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The Ordeal of Elizabeth Marsh: A Woman in World History    by Linda Colley order for
Ordeal of Elizabeth Marsh
by Linda Colley
Order:  USA  Can
Anchor, 2008 (2007)
Hardcover, Softcover

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* * *   Reviewed by Mary Ann Smyth

The Ordeal of Elizabeth Marsh by Linda Colley (Shelby M. C. Davis 1958 Professor of History at Princeton University), is more a history of the era in which Elizabeth Marsh lived than a biography of a very unusual and independent woman for her times.

Elizabeth was born in 1735 and died in 1785. Conceived in Jamaica, sailing in utero to London, she lived her early life traveling between Portsmouth and Chatham in Royal Navy war ships. Her family's fortunes were deeply imbedded in the sea. Her marriage to James Crisp was at first a very prosperous union. Unfortunately their world fell into bankruptcy. Losing everything changed the marriage, but the pair slowly worked their way up the ladder again.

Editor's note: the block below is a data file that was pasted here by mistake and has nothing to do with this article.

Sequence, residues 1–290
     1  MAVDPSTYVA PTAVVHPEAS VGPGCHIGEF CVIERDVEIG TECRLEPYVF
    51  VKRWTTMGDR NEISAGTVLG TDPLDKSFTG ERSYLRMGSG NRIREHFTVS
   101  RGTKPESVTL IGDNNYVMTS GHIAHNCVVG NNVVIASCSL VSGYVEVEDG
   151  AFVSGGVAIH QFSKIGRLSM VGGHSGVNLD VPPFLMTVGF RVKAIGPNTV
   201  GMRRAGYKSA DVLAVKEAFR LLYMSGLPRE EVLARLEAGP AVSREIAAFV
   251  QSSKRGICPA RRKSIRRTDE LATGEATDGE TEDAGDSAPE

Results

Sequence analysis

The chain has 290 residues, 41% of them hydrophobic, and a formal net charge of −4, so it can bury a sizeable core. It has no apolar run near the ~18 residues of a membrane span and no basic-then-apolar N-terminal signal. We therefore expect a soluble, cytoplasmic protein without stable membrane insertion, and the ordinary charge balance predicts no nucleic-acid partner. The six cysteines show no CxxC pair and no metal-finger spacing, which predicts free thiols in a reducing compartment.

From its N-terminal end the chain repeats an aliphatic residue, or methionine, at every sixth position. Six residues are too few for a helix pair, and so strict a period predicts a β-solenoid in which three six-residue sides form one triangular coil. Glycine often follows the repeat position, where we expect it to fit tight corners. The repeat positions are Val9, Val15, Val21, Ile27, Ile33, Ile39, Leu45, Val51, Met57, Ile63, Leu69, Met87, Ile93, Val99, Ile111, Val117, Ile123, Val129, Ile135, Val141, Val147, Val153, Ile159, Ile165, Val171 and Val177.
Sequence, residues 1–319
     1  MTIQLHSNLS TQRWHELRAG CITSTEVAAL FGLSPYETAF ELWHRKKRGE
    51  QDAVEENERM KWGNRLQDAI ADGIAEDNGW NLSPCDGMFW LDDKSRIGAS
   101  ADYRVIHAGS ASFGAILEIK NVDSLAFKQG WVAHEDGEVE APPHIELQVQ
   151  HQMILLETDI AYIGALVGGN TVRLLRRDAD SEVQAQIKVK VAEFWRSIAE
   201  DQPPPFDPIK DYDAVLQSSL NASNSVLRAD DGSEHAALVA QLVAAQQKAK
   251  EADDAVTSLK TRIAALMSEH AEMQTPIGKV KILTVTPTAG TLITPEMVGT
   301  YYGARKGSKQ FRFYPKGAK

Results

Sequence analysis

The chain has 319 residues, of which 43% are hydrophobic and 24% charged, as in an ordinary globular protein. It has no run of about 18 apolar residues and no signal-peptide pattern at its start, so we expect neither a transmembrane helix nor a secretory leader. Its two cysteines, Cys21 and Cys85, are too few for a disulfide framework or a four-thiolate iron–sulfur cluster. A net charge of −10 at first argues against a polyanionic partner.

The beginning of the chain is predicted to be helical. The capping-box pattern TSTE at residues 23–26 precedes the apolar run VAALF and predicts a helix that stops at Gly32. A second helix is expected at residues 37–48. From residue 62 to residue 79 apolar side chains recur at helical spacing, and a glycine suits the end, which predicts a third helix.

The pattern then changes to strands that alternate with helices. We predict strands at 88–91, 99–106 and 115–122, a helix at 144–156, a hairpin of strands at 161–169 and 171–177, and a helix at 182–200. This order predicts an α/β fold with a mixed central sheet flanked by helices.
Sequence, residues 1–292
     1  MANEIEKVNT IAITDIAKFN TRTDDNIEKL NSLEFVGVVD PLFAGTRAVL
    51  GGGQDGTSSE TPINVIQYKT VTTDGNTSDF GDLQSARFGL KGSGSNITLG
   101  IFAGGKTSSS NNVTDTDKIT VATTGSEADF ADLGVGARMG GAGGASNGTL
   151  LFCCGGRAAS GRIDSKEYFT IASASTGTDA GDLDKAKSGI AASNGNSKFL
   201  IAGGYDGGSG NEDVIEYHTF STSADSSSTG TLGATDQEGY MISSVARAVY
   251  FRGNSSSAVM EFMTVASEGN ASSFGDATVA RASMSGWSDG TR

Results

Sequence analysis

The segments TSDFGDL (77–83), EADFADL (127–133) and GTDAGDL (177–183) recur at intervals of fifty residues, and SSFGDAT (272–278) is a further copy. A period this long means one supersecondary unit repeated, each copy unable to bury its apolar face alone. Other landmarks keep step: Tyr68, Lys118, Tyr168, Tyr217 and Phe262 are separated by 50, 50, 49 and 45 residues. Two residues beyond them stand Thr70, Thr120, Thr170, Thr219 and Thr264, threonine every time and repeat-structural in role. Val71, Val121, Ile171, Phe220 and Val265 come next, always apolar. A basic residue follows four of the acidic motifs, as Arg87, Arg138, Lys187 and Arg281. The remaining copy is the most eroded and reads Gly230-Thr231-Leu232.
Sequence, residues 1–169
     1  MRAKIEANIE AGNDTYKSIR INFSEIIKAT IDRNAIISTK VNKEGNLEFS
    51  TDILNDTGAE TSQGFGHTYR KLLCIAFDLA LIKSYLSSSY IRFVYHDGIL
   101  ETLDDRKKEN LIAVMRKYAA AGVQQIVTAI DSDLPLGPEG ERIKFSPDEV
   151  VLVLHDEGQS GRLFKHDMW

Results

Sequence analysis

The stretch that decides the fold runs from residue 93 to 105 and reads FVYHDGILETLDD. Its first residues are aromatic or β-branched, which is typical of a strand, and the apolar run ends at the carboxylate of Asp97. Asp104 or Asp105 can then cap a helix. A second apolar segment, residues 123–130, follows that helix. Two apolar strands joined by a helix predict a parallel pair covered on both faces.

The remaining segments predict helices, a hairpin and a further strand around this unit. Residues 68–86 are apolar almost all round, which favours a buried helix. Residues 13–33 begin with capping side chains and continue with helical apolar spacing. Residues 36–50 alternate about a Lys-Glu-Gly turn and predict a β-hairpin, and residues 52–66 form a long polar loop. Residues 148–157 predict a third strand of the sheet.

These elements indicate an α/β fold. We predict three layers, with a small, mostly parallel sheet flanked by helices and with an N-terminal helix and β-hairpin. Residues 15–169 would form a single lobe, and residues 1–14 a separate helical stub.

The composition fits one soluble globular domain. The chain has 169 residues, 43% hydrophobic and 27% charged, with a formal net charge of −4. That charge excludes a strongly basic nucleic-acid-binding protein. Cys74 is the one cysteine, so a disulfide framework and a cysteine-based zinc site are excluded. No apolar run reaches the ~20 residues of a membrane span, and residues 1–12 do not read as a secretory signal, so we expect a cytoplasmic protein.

Traveling by sea, Elizabeth was captured and held captive by the sultan of Morocco. After eighteen months, she talked her way out of that situation and continued her own way of life, exploiting her connections in the Royal Navy to broaden her horizons. And, possibly, to keep a distance between herself and James Crisp, with whom she did have two children.

She was involved in land speculation in Florida, international smuggling, and in three different slave systems. What is as interesting as the woman herself is the history of the years she lived through. Life could never have been boring for a person of her caliber. Too much was going on in the world and she became a part of it to her own advantage.

The years encompassing her lifetime are covered in history books. Colley succinctly describes the politics of these turbulent times as well as the manner of living for both the impoverished and the well-to-do. This makes us realize how lucky we are to be living today - the depiction of a mastectomy being performed without anesthesia horrified me.

Though I truly enjoyed this book because history has always fascinated me, I found the title a little misleading. The main thrust of the book is history rather than the woman. That suited me but maybe not everyone. The Ordeal of Elizabeth Marsh (one of the New York Times Book Review 10 Best Books of the Year) is a thoroughly researched and documented epic a masterpiece for the historian and a delight for the history lover.

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